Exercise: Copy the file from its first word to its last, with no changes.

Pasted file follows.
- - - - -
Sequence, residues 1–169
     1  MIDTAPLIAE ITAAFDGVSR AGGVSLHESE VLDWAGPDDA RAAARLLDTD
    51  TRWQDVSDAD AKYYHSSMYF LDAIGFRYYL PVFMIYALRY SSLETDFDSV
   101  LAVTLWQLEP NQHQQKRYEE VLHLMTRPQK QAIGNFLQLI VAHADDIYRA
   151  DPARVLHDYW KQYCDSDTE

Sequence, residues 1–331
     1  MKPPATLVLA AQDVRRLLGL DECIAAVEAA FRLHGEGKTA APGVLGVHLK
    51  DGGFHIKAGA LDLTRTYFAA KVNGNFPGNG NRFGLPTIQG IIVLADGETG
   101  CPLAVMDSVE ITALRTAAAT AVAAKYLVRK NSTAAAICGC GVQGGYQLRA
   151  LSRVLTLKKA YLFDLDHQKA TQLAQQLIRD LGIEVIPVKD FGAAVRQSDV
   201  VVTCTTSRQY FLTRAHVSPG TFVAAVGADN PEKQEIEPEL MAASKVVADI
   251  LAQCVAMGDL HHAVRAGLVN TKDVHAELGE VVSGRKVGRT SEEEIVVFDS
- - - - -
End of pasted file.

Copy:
Sequence, residues 1–169
     1  MIDTAPLIAE ITAAFDGVSR AGGVSLHESE VLDWAGPDDA RAAARLLDTD
    51  TRWQDVSDAD AKYYHSSMYF LDAIGFRYYL PVFMIYALRY SSLETDFDSV
   101  LAVTLWQLEP NQHQQKRYEE VLHLMTRPQK QAIGNFLQLI VAHADDIYRA
   151  DPARVLHDYW KQYCDSDTE

Sequence, residues 1–331
     1  MKPPATLVLA AQDVRRLLGL DECIAAVEAA FRLHGEGKTA APGVLGVHLK
    51  DGGFHIKAGA LDLTRTYFAA KVNGNFPGNG NRFGLPTIQG IIVLADGETG
   101  CPLAVMDSVE ITALRTAAAT AVAAKYLVRK NSTAAAICGC GVQGGYQLRA
   151  LSRVLTLKKA YLFDLDHQKA TQLAQQLIRD LGIEVIPVKD FGAAVRQSDV
   201  VVTCTTSRQY FLTRAHVSPG TFVAAVGADN PEKQEIEPEL MAASKVVADI
   251  LAQCVAMGDL HHAVRAGLVN TKDVHAELGE VVSGRKVGRT SEEEIVVFDS